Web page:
At first, dal Pozzo didn't do much talking. Giulio looked on while Lucia helped him drink the broth she insisted on making for him. He and Carlo made a stew out of the leftover broth, enough to make a filling meal for the three of them.

Cassiano dal Pozzo's injuries looked worse than Carlo said they actually were. "A lot of cuts and bruises, and one shoulder out of joint." How he made it through the accident without breaking any bones, Giulio would never know. Dal Pozzo was hardly a young man. Maybe there was an explanation, maybe it was a miracle—at this point, given that they could not stay at Lucia's cottage for long, Giulio didn't care so long as his family's old patron would be fit to travel.

"The Castel de Sant'Angelo was in flames, and if the pope isn't dead or captured by now, he will be soon," Carlo reported. "It also seems certain that Signore and Signora Stone have been captured or killed, along with their compatriots in the Committee of Correspondence."

"And the rest of the up-timers?" Dal Pozzo asked.

"We saw smoke coming from their embassy," Giulio said. "But it is my feeling that they have escaped."

"You are so certain, Giulio? A good many cardinals with the resources to protect themselves or escape have been killed." Dal Pozzo sounded surprised that Giulio could be so confident.

"The Dotta Ambassadora and her intended, Se-or Sanchez, are very smart and very brave. And I know that the Ambassadora's father, the doctor, was a soldier in his youth up-time. Prudentia's fiancée wrote to me once that on the day of the Ring of Fire, Dotto Nichols rather calmly killed a number of marauding mercenaries before attending Dotto Abrabanel and his daughter. And Signore Thomas Simpson is in their company as well, a man even bigger than Carlo here. They will escape the Spanish."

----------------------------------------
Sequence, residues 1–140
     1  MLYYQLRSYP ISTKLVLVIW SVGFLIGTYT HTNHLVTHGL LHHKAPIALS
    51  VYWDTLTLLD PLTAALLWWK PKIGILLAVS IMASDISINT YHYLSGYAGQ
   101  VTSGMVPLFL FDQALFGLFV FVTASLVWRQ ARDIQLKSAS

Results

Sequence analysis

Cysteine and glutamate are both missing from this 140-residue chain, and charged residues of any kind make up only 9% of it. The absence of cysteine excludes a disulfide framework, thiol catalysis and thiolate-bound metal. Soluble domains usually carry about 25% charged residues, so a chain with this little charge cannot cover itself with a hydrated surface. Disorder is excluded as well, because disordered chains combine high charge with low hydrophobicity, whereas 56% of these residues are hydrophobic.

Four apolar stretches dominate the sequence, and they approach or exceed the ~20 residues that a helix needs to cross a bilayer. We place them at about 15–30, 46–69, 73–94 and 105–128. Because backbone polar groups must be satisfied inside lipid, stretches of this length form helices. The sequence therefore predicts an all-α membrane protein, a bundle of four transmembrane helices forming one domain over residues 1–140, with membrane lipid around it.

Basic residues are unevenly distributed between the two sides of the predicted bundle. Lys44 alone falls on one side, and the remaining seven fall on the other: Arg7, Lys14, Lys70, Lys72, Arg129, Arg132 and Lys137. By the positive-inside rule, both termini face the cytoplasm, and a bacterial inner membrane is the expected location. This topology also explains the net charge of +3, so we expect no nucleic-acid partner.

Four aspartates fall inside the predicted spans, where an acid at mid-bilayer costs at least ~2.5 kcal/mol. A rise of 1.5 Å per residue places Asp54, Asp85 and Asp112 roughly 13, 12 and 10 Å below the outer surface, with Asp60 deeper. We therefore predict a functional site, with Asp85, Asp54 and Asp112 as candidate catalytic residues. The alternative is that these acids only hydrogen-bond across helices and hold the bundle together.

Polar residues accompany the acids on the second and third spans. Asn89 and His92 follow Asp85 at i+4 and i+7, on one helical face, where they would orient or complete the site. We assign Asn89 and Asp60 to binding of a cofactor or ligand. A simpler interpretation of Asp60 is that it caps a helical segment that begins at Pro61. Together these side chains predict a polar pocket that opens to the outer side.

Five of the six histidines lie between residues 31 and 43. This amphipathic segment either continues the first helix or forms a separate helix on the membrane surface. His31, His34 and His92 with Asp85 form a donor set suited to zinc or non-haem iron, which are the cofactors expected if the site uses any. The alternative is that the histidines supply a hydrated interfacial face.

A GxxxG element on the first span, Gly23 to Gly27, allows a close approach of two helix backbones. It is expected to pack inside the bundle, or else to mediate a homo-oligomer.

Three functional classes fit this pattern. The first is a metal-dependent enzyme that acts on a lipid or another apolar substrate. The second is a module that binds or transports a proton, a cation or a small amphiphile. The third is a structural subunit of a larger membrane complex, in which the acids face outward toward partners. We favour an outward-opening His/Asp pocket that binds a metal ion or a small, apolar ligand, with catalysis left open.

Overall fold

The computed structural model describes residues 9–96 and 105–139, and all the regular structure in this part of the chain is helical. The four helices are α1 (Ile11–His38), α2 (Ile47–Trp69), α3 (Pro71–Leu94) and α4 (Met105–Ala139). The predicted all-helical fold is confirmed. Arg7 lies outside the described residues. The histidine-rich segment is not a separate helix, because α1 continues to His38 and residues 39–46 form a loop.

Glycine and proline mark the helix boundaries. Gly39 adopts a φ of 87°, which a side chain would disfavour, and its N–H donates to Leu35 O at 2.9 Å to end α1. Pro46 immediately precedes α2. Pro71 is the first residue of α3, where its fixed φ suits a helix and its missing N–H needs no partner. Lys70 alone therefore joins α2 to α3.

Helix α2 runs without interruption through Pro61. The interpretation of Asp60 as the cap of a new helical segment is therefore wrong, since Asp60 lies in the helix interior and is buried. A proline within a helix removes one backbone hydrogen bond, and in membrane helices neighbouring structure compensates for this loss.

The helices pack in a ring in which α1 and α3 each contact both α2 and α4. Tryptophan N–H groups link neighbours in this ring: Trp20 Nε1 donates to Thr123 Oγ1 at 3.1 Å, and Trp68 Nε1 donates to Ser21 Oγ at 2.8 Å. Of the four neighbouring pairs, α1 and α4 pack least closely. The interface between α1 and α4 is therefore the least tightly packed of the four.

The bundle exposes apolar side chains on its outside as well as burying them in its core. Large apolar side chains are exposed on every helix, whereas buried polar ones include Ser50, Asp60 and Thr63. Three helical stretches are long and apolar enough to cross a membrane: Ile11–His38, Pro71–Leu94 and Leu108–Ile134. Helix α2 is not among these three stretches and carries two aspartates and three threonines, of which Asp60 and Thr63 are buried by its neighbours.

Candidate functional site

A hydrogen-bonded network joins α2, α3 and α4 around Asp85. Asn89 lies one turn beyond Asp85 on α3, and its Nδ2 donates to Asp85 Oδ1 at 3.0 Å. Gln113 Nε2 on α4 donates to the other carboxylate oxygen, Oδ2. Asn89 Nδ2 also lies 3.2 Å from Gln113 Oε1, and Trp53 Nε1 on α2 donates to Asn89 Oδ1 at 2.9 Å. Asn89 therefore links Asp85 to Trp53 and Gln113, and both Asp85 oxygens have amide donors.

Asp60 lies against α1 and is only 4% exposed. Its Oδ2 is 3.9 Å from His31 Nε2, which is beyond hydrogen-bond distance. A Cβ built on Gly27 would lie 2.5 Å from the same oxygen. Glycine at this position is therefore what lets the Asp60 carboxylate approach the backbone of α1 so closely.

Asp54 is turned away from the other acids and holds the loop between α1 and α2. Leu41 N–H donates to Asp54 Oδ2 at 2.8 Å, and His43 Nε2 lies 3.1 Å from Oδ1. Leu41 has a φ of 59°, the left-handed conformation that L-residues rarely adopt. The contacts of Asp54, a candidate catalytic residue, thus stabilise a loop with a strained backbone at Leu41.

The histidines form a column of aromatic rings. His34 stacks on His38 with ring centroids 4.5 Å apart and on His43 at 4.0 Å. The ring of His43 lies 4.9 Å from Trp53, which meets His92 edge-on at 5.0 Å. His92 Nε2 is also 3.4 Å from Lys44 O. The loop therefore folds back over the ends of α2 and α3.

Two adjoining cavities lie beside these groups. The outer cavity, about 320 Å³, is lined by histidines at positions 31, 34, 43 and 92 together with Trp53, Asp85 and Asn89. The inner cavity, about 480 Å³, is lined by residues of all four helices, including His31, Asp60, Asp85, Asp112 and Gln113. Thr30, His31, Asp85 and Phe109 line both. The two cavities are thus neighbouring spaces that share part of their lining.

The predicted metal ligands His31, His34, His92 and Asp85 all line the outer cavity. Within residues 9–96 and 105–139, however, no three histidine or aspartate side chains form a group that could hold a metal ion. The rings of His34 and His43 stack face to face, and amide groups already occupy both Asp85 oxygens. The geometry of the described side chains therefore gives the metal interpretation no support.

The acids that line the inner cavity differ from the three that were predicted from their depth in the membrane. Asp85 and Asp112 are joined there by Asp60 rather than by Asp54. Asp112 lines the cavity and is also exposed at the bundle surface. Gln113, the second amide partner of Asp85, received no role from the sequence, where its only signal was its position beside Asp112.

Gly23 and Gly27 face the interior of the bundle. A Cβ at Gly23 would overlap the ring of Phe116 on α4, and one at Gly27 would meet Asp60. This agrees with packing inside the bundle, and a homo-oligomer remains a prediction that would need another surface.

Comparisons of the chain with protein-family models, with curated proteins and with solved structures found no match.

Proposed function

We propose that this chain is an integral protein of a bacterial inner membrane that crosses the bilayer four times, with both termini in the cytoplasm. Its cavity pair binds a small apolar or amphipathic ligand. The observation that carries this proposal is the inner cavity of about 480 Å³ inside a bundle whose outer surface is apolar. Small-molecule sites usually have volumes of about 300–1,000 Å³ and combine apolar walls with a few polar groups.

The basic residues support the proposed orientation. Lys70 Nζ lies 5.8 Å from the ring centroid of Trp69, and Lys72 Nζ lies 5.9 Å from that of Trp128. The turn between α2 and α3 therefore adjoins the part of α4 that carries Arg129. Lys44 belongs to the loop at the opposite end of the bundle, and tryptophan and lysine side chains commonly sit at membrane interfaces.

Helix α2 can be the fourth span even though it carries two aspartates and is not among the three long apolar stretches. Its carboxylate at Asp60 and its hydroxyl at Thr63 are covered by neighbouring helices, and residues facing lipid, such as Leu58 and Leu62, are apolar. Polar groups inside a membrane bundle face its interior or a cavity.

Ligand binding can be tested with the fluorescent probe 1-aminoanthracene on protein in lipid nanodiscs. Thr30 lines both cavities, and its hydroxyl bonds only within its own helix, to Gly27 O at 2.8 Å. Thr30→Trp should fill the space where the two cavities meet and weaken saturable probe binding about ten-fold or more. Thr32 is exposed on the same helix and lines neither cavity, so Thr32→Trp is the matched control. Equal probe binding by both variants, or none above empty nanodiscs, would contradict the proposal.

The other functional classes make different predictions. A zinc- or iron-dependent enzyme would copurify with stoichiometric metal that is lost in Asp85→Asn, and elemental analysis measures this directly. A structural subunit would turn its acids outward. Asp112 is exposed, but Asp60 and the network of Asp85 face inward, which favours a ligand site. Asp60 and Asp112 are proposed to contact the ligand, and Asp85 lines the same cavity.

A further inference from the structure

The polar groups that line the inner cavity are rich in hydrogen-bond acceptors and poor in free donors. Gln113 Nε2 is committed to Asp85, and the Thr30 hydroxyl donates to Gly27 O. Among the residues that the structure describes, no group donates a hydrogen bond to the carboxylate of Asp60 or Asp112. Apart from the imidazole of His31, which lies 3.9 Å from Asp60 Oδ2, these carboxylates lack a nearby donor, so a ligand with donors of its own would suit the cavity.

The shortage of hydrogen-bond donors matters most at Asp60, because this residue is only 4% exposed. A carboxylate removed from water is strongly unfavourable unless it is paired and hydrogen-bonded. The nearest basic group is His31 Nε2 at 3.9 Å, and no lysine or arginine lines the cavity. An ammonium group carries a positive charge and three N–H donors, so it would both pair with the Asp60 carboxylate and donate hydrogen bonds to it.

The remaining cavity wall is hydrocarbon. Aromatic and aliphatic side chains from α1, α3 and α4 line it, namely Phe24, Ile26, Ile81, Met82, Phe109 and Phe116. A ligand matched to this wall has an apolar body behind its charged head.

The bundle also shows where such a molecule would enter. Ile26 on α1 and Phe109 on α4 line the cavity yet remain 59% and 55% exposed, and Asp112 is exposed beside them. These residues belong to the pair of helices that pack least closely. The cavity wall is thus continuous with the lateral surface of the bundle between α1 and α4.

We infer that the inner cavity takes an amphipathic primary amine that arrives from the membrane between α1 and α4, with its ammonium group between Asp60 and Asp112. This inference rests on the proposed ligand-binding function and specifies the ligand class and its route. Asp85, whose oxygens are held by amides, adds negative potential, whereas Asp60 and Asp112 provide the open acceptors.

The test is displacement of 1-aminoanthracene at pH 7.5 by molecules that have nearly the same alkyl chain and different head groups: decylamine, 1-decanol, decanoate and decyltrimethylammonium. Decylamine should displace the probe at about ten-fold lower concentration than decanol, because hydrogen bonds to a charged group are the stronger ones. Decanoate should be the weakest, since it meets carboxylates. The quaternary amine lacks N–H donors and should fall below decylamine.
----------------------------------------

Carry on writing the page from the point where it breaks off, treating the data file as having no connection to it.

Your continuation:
Dal Pozzo nodded. After admonishing Lucia to eat something, he told of his escape from Rome.

"Poor Mattias, whom you buried, came from Casa Barberini to warn me to flee. His Holiness' elder nephew, Francesco, was in residence and had sent Mattias to me. We are old friends, Francesco and I. I was his secretary until just a few years ago, you know, so it seemed certain the Spanish would arrest me, or worse." Giulio nodded. Dal Pozzo shifted in the bed and winced in pain.

"I will make some Lethe for you," Carlo said.

"Not until we're done talking. We'll need my wits. Then, I will rest."

Dal Pozzo continued with his tale. After receiving Cardinal Francesco Barberini's warning, he directed Mattias to prepare a horse cart for departure and directed his servants to gather rags and junk to load on the cart. He then dismissed his servants with as much money as he could afford to pay them, hid in the cart, and they left. If questioned, Mattias would claim to be a rag merchant. Mattias would say that no papermakers in Rome would buy his wares in the current chaos, so he was going to try elsewhere. It was the best story they could come up with in a short time.

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- The Grantville Gazette Staff